March 1, 1999
Wellington Elementary has teamed with Washington Mutual to offer School Savings, an innovative program that teaches children about saving and the importance of financial planning.
Students have the opportunity to open their own free savings accounts at school with a begining deposit of as little as twenty-five cents. On weekly "Bank Days," students can make additional deposits to their accounts and see their savings grow. PTA volunteers and a representative from Washington Mutual serve as bank tellers, accepting deposits and issuing receipts. Students use the receipts to record their deposits in their own account registers.
The deposits are tracked through a computer software program developed and supplied by Washington Mutual. Students are mailed quarterly statements and offered periodic incentives for regular deposits (a minimum of ten cents per deposit). There are no service fees for School Savings accounts, which earn a competitive interest rate and are FDIC insured.
Money can be withdrawn at any Washington Mutual bank, but in order for the account to remain open, a minimum balance of twenty-five cents is required. When the balance in a School Savings account reaches $100, students may convert the account to a higher-yield time deposit.
According to Lisa Phillips, Wellington parent and PTA member, Bank Days at the school are every Friday from 8:40-9:10 a.m., before the start of classes. "Our first day was February 12," says Phillips, "and we had about a dozen kids open accounts. I think it was a low turnout because it was the last day before winter break with a lot of people going out of town."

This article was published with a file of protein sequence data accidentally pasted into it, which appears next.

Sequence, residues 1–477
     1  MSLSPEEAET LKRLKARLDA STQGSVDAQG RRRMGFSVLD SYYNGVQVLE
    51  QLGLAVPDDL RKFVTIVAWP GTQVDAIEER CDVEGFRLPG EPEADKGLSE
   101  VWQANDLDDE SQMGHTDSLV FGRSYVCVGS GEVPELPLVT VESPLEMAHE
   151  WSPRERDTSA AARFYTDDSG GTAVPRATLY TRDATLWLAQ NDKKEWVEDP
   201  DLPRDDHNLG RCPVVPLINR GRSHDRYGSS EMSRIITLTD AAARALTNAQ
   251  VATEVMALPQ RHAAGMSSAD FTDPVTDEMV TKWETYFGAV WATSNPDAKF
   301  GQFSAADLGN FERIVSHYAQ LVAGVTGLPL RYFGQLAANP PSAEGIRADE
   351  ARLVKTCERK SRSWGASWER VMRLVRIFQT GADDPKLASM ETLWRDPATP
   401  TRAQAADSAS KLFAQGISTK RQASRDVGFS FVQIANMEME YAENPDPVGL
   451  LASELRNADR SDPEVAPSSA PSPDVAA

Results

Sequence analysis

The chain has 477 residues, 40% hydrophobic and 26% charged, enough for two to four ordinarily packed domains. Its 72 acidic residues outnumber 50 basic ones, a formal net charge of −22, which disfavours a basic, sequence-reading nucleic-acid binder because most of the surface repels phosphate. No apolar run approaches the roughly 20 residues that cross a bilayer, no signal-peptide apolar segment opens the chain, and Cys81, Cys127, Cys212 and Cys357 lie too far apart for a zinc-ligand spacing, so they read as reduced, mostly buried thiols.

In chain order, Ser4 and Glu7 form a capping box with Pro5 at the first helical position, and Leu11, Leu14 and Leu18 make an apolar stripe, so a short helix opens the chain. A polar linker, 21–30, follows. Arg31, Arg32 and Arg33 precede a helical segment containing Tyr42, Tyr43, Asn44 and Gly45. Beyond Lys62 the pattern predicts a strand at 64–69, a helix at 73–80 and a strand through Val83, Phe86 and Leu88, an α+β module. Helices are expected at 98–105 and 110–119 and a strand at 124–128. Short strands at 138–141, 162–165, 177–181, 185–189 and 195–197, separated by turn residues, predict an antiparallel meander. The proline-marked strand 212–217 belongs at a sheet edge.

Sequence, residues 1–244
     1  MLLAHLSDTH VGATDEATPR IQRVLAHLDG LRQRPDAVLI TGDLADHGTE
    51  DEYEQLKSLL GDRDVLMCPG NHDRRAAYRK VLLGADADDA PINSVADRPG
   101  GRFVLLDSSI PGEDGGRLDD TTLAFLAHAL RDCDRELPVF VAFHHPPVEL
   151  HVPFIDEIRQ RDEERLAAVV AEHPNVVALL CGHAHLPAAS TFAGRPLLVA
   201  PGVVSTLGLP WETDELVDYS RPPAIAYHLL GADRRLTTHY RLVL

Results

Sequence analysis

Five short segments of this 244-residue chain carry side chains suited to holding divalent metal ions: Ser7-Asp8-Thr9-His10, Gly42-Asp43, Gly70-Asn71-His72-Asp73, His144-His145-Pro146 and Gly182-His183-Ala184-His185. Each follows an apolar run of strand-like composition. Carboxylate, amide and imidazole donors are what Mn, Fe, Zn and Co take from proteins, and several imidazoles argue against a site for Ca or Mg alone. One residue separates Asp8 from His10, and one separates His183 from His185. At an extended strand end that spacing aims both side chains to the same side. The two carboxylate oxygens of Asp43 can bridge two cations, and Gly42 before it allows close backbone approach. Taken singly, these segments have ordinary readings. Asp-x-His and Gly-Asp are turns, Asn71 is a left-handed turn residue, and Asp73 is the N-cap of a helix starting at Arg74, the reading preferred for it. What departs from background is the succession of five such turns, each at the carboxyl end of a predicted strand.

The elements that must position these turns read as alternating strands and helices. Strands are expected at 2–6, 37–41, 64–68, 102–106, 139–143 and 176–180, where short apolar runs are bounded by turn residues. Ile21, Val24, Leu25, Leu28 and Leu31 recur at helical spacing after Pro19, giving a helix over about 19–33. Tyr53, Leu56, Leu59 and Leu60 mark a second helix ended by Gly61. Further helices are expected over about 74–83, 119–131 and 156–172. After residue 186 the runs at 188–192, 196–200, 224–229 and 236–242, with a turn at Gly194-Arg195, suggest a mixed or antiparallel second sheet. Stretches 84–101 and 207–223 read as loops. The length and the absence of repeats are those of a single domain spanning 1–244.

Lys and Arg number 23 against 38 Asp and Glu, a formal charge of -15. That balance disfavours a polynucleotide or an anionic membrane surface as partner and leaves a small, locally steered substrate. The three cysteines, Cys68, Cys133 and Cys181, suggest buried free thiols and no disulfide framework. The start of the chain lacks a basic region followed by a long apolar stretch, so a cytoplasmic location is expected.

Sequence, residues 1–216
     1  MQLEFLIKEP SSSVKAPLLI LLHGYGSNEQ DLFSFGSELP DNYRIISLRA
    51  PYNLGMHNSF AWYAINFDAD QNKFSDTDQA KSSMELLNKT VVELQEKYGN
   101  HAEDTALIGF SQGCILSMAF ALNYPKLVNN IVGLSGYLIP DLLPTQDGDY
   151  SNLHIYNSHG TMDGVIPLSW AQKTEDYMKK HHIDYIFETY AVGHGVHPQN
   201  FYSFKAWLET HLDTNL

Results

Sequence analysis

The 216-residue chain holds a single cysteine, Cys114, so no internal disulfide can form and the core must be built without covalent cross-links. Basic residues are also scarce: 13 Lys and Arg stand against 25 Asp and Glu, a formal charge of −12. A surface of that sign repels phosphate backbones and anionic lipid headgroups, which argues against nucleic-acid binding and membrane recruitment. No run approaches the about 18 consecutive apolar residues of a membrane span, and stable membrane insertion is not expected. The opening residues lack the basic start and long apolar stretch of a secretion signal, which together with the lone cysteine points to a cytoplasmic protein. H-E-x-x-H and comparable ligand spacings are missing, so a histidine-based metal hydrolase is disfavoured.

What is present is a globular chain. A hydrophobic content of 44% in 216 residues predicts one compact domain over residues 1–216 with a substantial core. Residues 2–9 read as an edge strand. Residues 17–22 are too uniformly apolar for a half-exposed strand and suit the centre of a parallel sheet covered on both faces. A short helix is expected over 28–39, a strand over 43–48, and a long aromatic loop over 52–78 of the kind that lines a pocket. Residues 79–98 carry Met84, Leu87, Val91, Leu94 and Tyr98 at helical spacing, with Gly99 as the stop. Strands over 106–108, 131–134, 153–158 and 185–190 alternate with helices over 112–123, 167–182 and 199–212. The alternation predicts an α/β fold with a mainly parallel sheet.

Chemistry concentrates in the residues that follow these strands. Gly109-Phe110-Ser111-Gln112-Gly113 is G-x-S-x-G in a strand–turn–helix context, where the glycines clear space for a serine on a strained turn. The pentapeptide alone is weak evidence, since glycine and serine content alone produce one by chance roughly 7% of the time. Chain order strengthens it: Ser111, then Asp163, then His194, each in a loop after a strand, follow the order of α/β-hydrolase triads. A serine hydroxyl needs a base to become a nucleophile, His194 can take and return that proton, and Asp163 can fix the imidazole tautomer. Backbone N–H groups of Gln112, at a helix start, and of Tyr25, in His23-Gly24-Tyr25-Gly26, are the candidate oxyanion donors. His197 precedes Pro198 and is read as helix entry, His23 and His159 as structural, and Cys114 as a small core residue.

Phillips feels that the program will catch on soon when follow-up marketing ideas are put into action. She says, "The kids who came were excited and eager to enter their deposits into their new account books. I'm sure that through their positive word-of-mouth comments, other kids will soon become interested."
The School Savings program was first introduced by Washington Mutual in 1923, and now it is active in 265 schools with more than 39,000 participants. The benefits that occur for those involved in the program are numerous. Children are given a chance to set a long-term goal and save for it. Many children have reported using their savings to buy bicycles and others have applied their funds to a college education.
"It's a great learning tool and gives them real life experience with money," comments Phillips. "Children learn to be responsible for their own savings and gain understanding about the importance of financial planning. They get into a habit of saving and keeping track of their money."
Phillips' first-grade daughter Alexa is participating in the program and is saving half of her allowance each week. According to Phillips, Alexa is finding the experience fun and considers herself very grown-up.
"She now understands what the word "deposit" means," says Phillips, "and she can look at her savings book and see where her money is. It gives her a sense of pride."